The composers Gaby Cardoso and Timothy B. Layden are interviewed by Patricia Lynne Duffy
Synesthetes Timothy B. Layden and Gaby Cardoso composed “Shared Colors”, music that fueled a spaceship in Layden’s sci-fi novel, Dreams of Laika
“Gaby and I had never met in person, have different mother tongues and were doing this at the beginning of a global pandemic. Nonetheless, we were able to communicate musically and synesthetically. At the same time, I was in my final edits of “Dreams of Laika” and was thinking about musically powered space travel…” — Tim Layden
PLD: Tim and Gaby, you are both multi-talented sound-color synesthetes. Tim, you are a painter, a musician, and more recently, a sci-fi novelist. Gaby, you are a musician and a poet. Your perceptions and talents cross the usual borders between art forms. How did you both meet and start working together on the musical piece, “Shared Colors”?
TBL:Gaby and I started with a blank canvas and developed our understanding through the process of creating. We had never met in person, have different mother tongues and were doing this at the beginning of a global pandemic. Nonetheless, we were able to communicate musically. I came across Gaby through synaesthesia networks. Although we had never met in person, we shared friends and acquaintances. Our friendship began through a mutual appreciation for each other’s creative practices. So, we began sharing and then Gaby suggested we do something together.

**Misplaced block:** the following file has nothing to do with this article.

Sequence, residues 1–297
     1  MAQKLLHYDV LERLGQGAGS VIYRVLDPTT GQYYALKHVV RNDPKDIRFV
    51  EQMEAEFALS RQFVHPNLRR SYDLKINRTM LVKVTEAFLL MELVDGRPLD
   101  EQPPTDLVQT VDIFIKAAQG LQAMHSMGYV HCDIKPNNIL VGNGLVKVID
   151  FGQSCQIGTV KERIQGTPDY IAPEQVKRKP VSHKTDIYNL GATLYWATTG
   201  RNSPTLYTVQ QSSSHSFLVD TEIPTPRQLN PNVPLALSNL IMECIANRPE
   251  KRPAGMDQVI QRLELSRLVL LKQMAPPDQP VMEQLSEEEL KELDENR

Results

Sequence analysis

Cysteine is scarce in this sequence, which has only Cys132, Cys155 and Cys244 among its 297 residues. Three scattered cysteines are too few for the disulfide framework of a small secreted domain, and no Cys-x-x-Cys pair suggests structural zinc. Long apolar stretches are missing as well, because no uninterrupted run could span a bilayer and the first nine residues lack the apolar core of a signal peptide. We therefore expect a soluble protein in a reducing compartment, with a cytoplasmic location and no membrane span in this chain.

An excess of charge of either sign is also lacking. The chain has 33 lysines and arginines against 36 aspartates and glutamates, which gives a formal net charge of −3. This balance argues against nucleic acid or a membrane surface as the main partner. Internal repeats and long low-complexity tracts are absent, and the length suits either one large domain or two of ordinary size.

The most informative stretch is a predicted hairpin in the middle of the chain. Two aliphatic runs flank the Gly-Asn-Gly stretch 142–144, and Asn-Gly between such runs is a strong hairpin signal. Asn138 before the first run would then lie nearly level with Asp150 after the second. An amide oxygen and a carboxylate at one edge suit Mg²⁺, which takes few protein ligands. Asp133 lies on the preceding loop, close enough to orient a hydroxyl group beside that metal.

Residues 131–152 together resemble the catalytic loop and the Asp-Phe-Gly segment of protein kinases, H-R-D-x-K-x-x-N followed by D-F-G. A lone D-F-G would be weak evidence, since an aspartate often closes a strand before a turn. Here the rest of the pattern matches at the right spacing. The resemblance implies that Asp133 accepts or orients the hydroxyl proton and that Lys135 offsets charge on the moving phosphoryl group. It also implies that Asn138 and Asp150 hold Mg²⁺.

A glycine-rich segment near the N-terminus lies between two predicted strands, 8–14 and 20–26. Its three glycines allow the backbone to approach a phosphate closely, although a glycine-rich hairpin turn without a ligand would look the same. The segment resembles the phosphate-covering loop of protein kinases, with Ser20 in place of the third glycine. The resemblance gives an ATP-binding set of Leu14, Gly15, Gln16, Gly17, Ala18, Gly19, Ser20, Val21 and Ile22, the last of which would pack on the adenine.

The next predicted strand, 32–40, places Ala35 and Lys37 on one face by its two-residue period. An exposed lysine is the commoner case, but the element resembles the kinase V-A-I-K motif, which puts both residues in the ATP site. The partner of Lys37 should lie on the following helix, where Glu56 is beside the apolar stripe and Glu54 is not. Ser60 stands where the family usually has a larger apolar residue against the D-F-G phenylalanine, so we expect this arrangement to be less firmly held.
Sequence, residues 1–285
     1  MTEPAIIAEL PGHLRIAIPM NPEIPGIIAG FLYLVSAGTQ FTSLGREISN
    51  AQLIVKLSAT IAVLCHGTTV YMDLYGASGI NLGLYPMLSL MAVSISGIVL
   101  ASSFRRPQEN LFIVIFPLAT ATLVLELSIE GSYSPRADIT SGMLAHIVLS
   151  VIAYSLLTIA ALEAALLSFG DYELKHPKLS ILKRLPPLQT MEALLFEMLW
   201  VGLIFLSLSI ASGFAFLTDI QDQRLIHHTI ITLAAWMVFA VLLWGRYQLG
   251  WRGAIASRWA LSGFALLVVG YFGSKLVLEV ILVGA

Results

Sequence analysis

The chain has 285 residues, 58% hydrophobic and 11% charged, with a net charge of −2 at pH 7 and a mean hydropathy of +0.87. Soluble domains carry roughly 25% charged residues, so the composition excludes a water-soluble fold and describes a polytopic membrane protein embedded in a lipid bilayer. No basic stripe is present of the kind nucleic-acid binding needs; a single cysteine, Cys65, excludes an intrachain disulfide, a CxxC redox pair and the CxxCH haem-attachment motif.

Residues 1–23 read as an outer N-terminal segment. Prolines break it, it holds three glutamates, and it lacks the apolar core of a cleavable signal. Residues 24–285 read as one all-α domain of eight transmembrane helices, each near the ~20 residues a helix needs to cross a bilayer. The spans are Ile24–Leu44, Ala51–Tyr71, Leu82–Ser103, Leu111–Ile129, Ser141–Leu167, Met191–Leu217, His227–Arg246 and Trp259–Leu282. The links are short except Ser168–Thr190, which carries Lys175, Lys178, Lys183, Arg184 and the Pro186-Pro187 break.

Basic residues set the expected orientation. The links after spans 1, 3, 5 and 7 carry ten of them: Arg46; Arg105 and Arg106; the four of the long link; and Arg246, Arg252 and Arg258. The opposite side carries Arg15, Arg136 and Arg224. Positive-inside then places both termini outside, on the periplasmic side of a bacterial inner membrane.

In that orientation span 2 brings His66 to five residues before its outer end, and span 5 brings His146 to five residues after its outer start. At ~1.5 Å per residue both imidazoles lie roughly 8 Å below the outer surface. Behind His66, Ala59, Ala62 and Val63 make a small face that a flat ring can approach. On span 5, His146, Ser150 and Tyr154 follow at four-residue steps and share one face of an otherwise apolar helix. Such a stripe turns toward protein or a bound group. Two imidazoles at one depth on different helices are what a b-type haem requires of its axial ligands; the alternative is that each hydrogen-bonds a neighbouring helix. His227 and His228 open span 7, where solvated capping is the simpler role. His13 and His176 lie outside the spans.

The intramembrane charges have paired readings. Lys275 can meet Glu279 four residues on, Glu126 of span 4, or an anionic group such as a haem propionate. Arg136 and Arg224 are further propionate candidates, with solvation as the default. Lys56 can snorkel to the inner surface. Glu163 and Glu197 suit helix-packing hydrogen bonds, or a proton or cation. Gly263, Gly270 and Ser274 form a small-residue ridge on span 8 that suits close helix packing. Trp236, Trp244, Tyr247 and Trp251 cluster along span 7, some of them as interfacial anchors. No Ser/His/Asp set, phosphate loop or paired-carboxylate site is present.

GC: – I always admired Timothy’s art but I did not know that he was also a musician. When I found out that he experienced colorful sounds like me, I simply thought of recording music together. I sent him a message asking him if he wanted to record something, and he said yes. We were that spontaneous.
PLD: The music of “Shared Colors” has an “otherworldly”, almost “outer space” quality to it. Tell me how the inspiration for “Shared Colors” came about.